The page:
Few topics in the modern day are more contentious than that of climate change. Well, let’s face it, almost every topic is contentious today but climate change has been the subject of much debate for decades and that doesn’t look to be changing anytime soon. This fact has just recently been demonstrated yet again by a recent study released by Bjorn Lomborg that looks at the effects of climate change. One part in particular is interesting, which would be the graph. 

The graph in question shows the number of deaths related to climate plotted out from 1920 to 2020. Climate-related deaths here means anything involving flood, droughts, wildfires, extreme hot or cold temperatures, and storms. This graph has garnered a great deal of attention because it shows the deaths going from around 250 per million per year in 1920 to virtually none today. Many people are looking at this graph and deciding that climate change isn’t anything to be concerned about. 

On the face of it, this isn’t a totally unreasonable conclusion. However, there are a couple of important points to emphasize. The first and most significant is that no one should be reaching conclusions about anything based on one graph, or on any other single point of data for that matter. The second point is related, one graph, while reflecting something true doesn’t necessarily take any number of other data points into consideration. 

What do we mean? First, for the sake of argument, we’ll take the numbers presented for granted, that the numbers of climate-related deaths for each year are what the graph says they are. After all, the article is only a few pages and there isn’t time or space here to dig deep into the methodology. Second, we should stop and consider some reasons that climate-related deaths might have gone down other than climate change not being a thing. After all, even if we don’t take other factors into consideration, the graph doesn’t really argue against the idea of climate change. Rather, it would seem to argue that climate has gotten better, which virtually no one believes.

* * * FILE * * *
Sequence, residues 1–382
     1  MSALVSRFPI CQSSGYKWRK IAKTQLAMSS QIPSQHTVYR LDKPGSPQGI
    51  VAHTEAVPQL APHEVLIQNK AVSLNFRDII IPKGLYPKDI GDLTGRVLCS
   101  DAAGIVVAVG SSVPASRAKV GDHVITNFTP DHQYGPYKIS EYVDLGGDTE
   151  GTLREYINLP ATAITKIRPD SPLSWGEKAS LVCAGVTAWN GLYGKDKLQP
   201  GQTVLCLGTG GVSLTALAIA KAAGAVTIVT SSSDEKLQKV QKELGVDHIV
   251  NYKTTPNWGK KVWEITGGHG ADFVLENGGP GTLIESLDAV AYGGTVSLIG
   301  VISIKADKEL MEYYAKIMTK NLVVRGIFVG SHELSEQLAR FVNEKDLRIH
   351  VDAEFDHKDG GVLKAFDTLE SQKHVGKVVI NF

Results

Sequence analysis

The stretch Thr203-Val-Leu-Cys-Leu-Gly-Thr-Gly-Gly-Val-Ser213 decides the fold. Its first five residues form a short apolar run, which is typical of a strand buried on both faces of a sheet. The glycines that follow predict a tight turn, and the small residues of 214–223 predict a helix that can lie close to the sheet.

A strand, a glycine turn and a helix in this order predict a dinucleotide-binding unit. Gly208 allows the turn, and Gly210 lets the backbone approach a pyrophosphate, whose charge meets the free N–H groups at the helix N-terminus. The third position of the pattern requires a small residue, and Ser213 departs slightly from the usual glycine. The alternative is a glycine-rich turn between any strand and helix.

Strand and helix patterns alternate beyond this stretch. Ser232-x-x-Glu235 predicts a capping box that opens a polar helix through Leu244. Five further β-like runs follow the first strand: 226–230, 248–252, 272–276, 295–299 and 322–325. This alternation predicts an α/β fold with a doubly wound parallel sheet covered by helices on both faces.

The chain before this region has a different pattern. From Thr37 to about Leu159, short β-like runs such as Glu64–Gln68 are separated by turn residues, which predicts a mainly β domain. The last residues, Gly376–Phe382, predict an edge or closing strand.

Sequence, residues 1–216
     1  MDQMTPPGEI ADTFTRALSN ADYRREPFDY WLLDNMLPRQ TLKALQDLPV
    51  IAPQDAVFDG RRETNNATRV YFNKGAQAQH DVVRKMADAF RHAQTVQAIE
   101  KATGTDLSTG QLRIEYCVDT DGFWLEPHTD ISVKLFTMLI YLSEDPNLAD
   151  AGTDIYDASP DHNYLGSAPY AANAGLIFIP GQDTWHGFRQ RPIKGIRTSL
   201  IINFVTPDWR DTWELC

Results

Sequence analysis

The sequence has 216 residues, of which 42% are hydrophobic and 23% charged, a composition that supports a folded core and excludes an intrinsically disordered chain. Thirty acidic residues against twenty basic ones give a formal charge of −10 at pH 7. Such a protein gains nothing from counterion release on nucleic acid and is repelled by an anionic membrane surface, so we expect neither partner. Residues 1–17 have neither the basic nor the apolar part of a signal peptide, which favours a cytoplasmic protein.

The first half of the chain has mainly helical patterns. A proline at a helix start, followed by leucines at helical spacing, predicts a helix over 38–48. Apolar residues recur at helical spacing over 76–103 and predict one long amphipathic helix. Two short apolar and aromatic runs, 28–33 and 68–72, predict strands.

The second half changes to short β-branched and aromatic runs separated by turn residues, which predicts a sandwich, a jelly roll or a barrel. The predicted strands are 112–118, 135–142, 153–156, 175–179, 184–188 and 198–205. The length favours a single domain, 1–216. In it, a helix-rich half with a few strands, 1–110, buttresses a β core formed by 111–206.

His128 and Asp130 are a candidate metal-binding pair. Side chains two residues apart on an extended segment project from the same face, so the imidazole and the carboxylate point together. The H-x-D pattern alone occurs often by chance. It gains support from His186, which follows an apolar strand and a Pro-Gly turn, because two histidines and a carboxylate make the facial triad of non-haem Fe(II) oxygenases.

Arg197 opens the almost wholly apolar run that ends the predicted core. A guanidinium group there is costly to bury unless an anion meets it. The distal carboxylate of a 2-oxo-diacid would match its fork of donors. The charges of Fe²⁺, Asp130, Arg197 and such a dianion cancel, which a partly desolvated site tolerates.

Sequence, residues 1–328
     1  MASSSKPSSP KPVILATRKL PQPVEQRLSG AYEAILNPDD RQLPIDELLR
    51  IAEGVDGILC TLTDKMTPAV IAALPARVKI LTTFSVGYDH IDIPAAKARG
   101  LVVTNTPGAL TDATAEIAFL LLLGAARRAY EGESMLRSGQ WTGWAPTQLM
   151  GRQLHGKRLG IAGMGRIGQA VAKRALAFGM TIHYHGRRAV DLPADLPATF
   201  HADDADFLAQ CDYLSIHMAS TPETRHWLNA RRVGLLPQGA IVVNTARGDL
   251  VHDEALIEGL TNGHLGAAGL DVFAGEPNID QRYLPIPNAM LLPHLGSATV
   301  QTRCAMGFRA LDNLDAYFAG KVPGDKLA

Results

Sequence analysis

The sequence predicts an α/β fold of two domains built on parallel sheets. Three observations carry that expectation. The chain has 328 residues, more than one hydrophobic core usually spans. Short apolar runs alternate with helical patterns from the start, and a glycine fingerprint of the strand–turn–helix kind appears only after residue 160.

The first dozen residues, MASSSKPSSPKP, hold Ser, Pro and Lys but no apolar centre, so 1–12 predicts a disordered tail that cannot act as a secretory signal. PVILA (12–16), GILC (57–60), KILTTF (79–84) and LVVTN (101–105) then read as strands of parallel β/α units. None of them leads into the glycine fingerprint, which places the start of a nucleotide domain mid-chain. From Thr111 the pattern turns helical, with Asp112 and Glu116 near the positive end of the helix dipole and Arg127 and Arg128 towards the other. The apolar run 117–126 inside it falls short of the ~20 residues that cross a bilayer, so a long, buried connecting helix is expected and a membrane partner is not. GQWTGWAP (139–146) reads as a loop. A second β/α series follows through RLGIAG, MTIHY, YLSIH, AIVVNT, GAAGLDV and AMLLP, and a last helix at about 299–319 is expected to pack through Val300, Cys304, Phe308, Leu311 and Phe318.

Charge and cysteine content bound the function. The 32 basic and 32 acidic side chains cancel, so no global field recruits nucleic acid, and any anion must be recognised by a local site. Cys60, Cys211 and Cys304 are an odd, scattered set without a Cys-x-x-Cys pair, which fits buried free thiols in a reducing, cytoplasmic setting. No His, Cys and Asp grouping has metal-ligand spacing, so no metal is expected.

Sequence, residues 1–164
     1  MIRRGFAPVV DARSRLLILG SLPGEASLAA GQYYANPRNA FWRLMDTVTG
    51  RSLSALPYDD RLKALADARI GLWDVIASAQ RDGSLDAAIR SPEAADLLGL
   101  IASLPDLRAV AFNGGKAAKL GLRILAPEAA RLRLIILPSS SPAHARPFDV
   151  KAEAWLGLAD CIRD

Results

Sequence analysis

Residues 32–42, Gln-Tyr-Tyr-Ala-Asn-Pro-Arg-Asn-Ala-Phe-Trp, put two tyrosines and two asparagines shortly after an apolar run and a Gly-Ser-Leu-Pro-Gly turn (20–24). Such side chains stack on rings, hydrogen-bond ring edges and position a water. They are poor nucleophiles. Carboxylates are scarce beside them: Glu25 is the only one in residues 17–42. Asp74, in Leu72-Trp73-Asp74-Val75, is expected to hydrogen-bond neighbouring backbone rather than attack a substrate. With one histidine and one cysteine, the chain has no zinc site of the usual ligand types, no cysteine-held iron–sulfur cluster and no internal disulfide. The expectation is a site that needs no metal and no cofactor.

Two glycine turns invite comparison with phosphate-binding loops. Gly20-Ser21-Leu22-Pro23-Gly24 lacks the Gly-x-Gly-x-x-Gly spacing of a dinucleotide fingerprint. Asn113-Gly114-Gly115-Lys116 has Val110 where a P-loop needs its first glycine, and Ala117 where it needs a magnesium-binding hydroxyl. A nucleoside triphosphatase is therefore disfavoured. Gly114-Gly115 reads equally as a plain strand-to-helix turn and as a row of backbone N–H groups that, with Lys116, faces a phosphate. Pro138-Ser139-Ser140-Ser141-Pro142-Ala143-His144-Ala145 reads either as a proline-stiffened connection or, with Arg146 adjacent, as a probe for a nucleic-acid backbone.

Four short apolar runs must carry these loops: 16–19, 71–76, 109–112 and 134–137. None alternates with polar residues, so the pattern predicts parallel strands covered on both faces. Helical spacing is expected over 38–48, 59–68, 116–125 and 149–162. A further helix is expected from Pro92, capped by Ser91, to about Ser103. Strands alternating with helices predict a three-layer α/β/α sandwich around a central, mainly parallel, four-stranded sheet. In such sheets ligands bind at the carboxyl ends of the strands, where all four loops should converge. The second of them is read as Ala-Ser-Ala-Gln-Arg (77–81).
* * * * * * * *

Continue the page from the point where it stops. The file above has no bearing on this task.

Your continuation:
What are some of these other factors we should consider? These are mostly centered on the fact we have made a lot of material advances in the last hundred years. Our medical treatments have improved by leaps and bounds since 1920, dramatically improving life expectancies. We live longer and healthier so what once might have been major changes in air quality or temperature swings can be managed by individuals much better than before. Housing for vast numbers of people has improved as well. While once, a major thunderstorm could have destroyed rudimentary shacks out on the prairie killing everyone inside, now there are sturdy homes with concrete basements that can handle anything short of a tornado. Disaster response has also gotten much better. While today, helicopters deliver pallets of sandbags to flood zones practically on demand or patrol areas looking for people to rescue, or airplanes dump tons of water scooped out of a local lake onto a wildfire, such technology didn’t even exist outside of a notebook in 1920. Related to that is the fact there have been major migrations to the cities which by their nature are less susceptible to climate-related issues. A big contributor to that is the rise in quality and affordable heating and cooling. In 1920, the relief from a blistering hot summer was a breeze or a cool stream, not turning up the AC. It’s the same with heating. How many people froze to death in 1920 while it is practically unheard of today?

None of these things seem to be considered in this graph of death rates, yet factors like this are necessary to get the whole picture. That’s why TARTLE is such a proponent of getting accurate data from as many direct sources as possible. When you are dealing with large samples of high quality source data, you get a better and less skewed view of the whole picture. 

What’s your data worth? 

Data Inferno